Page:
Jail-a-thon raises $8,000 for cancer fight

Last updated: March 06. 2014 9:41AM - 3166 Views
By - swillets@civitasmedia.com



Sarah Willets | The Robesonian Former Super Bowl champion and Rowland native Vonta Leach waits for friends and family to post his $800 bond by donating to Relay for Life and free him “jail” on Wednesday.
Sarah Willets | The Robesonian Former Super Bowl champion and Rowland native Vonta Leach waits for friends and family to post his $800 bond by donating to Relay for Life and free him “jail” on Wednesday.
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LUMBERTON — Former Super Bowl champion Vonta Leach spent Wednesday afternoon in a Robeson County jail.


But the Rowland native wasn’t doing time for breaking the law, but rather for a good cause.


Leach was arrested, along with 44 others, and put in the Relay for Life jail at Biggs Park Mall where friends and family could post their bonds in the form of donations to the American Cancer Society to set them free. The event was put on by the Robeson County Government Diamond Dukes and Divas and raised about $8,000. About half of those arrested served time.


Leach was arrested at home by a Lumberton police officer and a member of the Diamond Divas.


“I had just finished working out. The officer and a lady came by and said “you’ve gotta come with me” and I was like “for what?” he said.


But once he learned the cause behind the whole ordeal, Leach was more than willing to spend some time inside the make-shift chain-link jail cell — and not too worried that his friends and family would leave him there for their entertainment. Leach, a member of the Baltimore Ravens team that won the 2013 Super Bowl, was kept company by people who recognized him and entered the jail cell to have a photograph made with him.


“It’s for a good cause, so they will definitely come and get me,” Leach said. After about an hour, Leach posted his $800 bond, but not until after he had his high school football coach Mike Brill arrested too.


Arrest warrants cost $10 and include crimes — from “bad hair day” to “abusing the English language” — that a participant can be charged with.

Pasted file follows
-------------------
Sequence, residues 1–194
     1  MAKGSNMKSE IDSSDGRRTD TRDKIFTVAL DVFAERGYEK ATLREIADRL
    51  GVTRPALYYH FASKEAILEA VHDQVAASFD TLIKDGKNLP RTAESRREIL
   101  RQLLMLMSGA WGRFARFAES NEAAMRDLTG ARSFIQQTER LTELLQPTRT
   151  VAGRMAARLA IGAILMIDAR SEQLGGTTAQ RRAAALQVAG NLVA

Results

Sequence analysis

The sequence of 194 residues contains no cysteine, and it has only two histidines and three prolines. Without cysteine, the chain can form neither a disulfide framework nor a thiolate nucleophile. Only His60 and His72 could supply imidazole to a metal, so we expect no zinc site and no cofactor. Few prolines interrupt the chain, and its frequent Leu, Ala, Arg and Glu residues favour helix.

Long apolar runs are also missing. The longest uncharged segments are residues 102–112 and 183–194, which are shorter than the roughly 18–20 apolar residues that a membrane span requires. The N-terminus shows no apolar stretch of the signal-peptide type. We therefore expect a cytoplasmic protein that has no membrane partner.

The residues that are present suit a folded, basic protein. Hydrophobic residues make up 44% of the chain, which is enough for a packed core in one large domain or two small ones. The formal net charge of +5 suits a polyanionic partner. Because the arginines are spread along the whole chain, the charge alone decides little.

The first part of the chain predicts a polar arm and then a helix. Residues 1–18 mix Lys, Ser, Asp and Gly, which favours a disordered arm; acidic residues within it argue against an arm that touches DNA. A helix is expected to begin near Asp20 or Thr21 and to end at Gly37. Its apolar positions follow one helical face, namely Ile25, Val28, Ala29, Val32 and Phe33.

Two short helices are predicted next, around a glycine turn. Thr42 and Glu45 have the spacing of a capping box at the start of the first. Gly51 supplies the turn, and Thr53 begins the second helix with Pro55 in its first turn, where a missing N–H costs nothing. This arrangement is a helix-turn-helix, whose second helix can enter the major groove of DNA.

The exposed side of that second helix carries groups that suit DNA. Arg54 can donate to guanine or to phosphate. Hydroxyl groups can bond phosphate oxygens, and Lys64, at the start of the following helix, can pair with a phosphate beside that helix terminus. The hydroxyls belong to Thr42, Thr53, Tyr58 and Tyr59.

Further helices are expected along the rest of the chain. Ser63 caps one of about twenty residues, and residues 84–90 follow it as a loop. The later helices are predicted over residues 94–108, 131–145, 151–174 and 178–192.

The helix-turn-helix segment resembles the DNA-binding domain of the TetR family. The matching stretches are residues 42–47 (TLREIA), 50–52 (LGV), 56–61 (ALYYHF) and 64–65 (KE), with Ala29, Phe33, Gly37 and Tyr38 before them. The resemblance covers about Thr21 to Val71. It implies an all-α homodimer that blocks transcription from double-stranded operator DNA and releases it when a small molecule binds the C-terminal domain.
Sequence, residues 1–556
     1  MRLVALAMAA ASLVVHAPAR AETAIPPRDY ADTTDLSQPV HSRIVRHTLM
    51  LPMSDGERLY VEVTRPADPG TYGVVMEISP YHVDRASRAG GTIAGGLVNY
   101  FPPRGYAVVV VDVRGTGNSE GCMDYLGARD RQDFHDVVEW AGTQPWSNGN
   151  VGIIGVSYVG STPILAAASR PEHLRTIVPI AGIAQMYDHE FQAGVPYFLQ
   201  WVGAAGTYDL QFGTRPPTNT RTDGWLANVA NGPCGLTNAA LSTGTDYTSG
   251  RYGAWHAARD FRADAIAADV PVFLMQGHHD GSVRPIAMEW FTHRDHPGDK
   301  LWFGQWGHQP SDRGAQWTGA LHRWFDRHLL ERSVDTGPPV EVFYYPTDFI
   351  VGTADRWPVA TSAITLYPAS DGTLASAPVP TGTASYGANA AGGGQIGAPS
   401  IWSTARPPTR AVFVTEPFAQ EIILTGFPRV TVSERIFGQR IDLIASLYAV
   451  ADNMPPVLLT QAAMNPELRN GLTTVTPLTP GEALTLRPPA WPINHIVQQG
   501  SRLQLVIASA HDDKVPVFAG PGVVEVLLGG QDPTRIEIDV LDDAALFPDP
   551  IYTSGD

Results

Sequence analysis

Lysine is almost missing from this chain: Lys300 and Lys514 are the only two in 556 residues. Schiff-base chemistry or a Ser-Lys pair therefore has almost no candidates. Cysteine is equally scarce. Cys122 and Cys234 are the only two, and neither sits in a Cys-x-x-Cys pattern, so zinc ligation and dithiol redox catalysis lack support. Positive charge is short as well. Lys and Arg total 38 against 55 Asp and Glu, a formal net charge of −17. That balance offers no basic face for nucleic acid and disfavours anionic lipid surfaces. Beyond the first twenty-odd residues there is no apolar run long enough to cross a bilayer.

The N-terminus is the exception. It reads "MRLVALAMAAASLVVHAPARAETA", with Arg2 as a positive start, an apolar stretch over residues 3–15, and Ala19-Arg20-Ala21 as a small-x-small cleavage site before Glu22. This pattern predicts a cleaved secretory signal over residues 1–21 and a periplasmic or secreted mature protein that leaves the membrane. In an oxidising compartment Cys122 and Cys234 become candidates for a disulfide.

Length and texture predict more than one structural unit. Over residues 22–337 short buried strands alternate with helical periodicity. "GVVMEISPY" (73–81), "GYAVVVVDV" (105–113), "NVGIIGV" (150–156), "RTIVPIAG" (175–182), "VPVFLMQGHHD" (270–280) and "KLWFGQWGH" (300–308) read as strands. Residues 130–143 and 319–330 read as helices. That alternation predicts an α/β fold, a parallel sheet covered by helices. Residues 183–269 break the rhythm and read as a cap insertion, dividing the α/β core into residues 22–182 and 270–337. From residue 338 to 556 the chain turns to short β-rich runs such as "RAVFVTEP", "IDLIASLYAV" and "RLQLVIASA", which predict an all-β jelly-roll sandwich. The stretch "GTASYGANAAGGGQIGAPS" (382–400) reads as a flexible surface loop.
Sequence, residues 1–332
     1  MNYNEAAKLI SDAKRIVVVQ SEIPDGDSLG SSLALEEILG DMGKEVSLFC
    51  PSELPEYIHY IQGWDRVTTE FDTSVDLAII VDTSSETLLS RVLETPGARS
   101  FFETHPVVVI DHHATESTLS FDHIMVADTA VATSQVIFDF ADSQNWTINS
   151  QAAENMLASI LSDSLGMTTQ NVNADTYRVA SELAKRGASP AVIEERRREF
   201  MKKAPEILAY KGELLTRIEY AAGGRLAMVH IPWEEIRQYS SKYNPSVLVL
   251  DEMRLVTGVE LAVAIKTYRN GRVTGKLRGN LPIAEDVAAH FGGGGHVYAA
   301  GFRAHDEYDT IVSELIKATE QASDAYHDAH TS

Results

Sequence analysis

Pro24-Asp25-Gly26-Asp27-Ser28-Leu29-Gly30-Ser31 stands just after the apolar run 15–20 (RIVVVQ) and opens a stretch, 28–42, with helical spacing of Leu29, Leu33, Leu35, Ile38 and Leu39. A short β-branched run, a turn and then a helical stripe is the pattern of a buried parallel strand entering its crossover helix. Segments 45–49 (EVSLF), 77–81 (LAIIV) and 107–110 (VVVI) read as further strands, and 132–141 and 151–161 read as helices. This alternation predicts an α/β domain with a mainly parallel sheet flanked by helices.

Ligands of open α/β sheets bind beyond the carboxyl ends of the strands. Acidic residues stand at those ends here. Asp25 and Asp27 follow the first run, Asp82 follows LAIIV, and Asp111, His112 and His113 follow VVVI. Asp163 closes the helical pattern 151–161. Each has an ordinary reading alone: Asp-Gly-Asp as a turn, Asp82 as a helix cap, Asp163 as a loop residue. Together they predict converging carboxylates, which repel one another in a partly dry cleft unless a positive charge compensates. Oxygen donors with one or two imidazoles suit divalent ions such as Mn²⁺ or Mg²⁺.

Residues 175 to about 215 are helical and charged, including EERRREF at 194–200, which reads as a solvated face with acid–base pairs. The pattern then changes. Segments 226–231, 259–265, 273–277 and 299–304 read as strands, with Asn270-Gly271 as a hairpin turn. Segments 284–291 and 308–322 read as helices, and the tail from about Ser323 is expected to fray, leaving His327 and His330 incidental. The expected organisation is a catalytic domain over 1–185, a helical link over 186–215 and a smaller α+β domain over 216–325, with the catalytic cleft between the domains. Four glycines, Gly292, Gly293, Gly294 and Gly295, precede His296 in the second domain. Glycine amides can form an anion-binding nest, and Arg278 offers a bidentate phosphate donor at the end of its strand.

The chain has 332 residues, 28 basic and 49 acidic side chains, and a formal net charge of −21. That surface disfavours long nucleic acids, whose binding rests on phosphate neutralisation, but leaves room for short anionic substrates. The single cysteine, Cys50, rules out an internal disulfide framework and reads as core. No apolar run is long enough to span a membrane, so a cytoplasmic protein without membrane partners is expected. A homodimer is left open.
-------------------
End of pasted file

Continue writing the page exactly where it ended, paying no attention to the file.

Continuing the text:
Leach’s crime?


“No comment,” he said.


Lesley Covington and her husband Tom Guarnieri committed the crime of wanting to help out. They were shopping in the mall, saw Relay for Life and turned themselves to rally friends, family and church members to donate towards their $25 bond.


“I just felt like this is the right thing to do,” said Covington, who has run in several Relay for Life races to honor her grandfather and other loved ones who have died from cancer.


Sharon Hunt, who lost a brother last year to cancer, was the judge in Relay for Life’s Court of Law and got to set the inmates bond. Although she joined in to support a cause close to her heat, Hunt was locked up during last year’s event and was having fun with her “chance to get revenge.”


For Mitszi Whitaker, a captain with the Diamond Divas, the event is all in good fun.


“It’s about celebrating the survivors and raising awareness, people want to be the part of that,” Whitaker said.


Whitaker said she doesn’t make people wonder what a police officer is doing at their home or job.


“It’s really a lot of fun. When you tell them what you’re doing is for … that’s kind of a hard thing to not want to participate in.”

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